Last updated: 10 April 2017
MBIE’s guidance on meeting the accreditation requirement
Checklist for regulation 7(2)(d)(iv) outlines the minimum criteria for compliance.
Regulation 7(2)(d)(iv) requires a BCA’s policies and procedures to cover how it processes a building consent, including the:
- intersection with a territorial authority
- request for information (RFI) process.
General guidance on regulation 7(2)(d)(iv)
A BCA’s policies, procedures and systems for processing a building consent application must include processes for:
- the referral to the region’s territorial authority in matters related to:
- building work already undertaken (with or without an issued consent) which may require a certificate of acceptance (s 42)
- waivers or modifications to the Building Code (s 67-70)
- decisions under section 112(2) of the Building Act 2004 (the Act)
- the change of use of buildings (s 115)
- the specified intended life of buildings (s 113)
- the subdivision of a building or part of a building (s 116A)
- the receipt of certificates or other information or matters from a territorial authority related to a consent
- the processing of consents related to:
- national multiple-use approvals (s 30A-H)
- minor variations (s 45A)
- changes to plans or specifications (s 45(4))
- new buildings
- alterations to existing buildings (s 112)
- allotments and subdivisions (s 75-77 and s 116A)
- specified systems (s 102)
- cable cars
- swimming pools
- making and receiving requests for information (RFIs), including coordinating requests (as far as is possible)
- processing consents that include building methods or materials that rely on Alternative Solutions
- applications for minor variations or amendments to a consent
- staged building work
- building levy and development contributions
- making section 112(1) of the Act decisions related to:
- earthquake-prone buildings (refer s 133AT)
- means of escape from fire
- access and facilities for those with disabilities
- utilising Fire and Emergency New Zealand advice
- making decisions related to building on land subject to natural hazards
- making decisions related to building on two or more allotments
- making decisions about conditions on consents
- complying with any building methods or product warnings or bans
- compiling and amending compliance schedules
- ensuring compliance with other legislation relevant to the consent process such as the Resource Management Act 1991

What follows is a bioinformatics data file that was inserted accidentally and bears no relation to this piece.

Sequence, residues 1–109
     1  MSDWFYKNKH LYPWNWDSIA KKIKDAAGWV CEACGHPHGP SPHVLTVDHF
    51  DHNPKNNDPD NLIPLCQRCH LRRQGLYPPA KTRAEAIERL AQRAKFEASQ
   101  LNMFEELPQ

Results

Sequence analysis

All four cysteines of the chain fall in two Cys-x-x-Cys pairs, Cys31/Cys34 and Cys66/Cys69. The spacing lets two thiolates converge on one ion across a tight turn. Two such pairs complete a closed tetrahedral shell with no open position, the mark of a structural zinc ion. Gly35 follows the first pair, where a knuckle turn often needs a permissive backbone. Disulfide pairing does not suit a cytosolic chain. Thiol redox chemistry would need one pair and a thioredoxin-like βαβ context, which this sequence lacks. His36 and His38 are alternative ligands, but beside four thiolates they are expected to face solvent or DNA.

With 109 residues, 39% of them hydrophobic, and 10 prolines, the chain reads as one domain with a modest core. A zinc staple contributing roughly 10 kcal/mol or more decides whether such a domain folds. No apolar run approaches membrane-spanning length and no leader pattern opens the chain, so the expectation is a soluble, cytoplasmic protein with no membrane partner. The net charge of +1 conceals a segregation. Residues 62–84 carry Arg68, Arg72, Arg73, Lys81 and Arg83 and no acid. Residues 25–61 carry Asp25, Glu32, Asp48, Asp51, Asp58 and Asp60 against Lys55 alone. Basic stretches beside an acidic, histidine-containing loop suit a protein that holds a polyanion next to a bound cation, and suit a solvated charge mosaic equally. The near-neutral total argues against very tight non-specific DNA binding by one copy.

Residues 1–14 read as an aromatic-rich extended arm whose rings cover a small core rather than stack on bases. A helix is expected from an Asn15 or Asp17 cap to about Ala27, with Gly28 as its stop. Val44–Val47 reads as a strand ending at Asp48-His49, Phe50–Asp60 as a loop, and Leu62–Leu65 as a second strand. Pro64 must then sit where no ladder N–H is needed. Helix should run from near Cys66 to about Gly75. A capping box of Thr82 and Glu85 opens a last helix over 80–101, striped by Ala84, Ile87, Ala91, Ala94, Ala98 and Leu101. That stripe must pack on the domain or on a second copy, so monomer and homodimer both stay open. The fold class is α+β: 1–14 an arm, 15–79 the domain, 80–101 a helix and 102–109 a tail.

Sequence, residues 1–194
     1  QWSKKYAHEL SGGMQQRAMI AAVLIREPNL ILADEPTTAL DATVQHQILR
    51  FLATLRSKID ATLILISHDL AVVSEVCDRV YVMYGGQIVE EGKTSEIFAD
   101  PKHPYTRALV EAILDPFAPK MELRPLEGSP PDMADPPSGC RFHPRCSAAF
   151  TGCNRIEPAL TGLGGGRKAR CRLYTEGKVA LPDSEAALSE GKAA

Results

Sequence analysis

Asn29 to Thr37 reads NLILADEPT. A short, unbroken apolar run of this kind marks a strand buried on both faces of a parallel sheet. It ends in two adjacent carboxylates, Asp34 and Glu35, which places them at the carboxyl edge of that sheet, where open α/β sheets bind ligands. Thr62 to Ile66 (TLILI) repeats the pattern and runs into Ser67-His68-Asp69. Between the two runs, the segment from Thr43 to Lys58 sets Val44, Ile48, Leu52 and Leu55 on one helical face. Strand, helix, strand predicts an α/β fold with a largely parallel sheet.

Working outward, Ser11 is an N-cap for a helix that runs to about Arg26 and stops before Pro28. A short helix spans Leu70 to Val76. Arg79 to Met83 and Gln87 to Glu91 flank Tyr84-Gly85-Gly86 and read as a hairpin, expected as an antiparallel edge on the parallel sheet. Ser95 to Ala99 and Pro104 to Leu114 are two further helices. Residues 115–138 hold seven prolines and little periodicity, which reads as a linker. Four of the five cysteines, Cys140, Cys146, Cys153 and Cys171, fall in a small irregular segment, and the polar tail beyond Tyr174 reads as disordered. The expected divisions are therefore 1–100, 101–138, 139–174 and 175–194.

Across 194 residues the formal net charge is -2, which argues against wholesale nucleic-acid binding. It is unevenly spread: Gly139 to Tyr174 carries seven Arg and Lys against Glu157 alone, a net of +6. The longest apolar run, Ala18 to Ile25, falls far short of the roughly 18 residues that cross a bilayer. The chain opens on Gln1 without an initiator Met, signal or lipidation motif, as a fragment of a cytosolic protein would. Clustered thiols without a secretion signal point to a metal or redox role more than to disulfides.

- how the BCA applies the test of being “satisfied on reasonable grounds” in order to grant a consent.
Making and receiving requests for information related to a building consent application
It is beneficial for BCAs and applicants that as few as possible RFIs are made in the course of processing a consent. The Ministry of Business, Innovation and Employment (MBIE) expects that a BCA’s policy, procedure and system supports a process of coordinating an RFI request as far as is possible. This is not intended to result in an accreditation requirement that only one RFI is made – a BCA must have an ability to seek further information at any time it is appropriate.
MBIE would also like to see all BCAs adopt a process where copies of any RFI made to the applicant are sent to the building owner. However, this is not an accreditation requirement and BCAs’ failure to adopt this process will not be considered non-compliance.
“Stopping the clock” when an RFI is made in relation to a building consent application
Where an RFI is made, a BCA may stop counting the working days in which it is required to process a consent under section 48(1A) of the Act. A BCA may stop counting the working days from the day after the RFI is made. The day the RFI is made must be counted as a working day.
“Restarting the clock” when requested information is received in relation to a consent application
A BCA is not required to restart the clock, and recommence counting working days until:
- all of the information requested in an RFI has been received
- the information is sufficient and adequate to support a decision being made.
Refusing a consent where insufficient or inadequate information has been received
The RFI process is not intended to act as a safety net for a poor application. A BCA should not shy away from refusing a consent if the information received in response to an RFI is materially insufficient and inadequate. There is little value in re-issuing an RFI where inadequate material has been received in support of an application for a second time.
The Building Act 2004 is available on the Legislation website.
Alternative Solutions has further information.
Working days definition can be found in the glossary.